Published: 2007-11-24 11:32:18
Updated: 2007-11-24 11:32:18
Posted November 24, 2007
MIKE MOSS SAYS: Jackie, The World Meteorological Organization maintains committees for each of the basins where tropical cyclones occur, and one of the duties of those committees is to maintain lists of names for the storms that occur in their area. In the case of Atlantic basin storms, the committee maintains a list of names covering a six year period, and at the end of the six years the lists are re-used. The only time a name is removed and replaced by a new one is if a storm caused such extensive damage or loss of life as to render its future use insensitive to victims or their relatives.
As far as changes to the naming systems go, the main changes were the adoption of formal names in the first place, back in 1950, when storms were named using the military phonetic alphabet of the time (Able, Baker, Charlie, etc). In 1953, this was changed to the use of female names instead, and then in 1979 the lists were changed again to alternate between male and female names. In addition, over time there have come to be more latin or hispanic names on the list, in acknowledgement of the impacts many storms have on the Carribean Islands, Mexico and Central America.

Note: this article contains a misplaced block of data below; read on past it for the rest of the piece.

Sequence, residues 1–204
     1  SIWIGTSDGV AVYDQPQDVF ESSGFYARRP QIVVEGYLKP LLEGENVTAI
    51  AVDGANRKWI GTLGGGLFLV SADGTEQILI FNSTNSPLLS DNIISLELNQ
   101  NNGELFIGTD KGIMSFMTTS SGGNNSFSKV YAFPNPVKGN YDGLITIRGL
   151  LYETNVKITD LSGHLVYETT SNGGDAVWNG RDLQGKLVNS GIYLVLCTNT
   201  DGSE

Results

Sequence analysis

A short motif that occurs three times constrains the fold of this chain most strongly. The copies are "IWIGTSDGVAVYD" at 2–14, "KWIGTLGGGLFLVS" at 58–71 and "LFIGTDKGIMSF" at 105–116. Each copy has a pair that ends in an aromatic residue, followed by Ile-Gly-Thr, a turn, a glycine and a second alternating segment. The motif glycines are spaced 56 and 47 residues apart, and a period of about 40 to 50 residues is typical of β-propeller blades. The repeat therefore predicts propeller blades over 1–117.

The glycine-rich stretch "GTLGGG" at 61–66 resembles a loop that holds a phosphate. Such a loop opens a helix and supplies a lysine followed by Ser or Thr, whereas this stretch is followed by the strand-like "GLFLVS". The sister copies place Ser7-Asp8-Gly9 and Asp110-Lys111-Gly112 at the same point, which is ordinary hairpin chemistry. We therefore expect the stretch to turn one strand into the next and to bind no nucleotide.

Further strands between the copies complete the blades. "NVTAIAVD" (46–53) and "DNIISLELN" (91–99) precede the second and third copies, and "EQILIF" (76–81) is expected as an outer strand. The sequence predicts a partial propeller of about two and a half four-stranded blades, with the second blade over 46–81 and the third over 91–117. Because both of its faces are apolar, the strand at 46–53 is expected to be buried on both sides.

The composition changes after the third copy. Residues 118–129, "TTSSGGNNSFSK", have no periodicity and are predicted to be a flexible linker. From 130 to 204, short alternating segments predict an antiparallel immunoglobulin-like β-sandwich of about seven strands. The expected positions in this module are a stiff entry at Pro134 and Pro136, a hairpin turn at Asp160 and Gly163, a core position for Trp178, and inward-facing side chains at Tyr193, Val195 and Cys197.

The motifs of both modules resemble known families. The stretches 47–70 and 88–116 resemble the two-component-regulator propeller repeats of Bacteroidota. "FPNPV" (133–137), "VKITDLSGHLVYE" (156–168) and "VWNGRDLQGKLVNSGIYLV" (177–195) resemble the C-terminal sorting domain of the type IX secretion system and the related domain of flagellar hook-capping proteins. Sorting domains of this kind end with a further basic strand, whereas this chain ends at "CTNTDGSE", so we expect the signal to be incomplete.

You can see the list of names for the Atlantic basin as well as all others worldwide, at
That page also includes links to a pronunciation guide and to a list of storm names that have been retired over the years.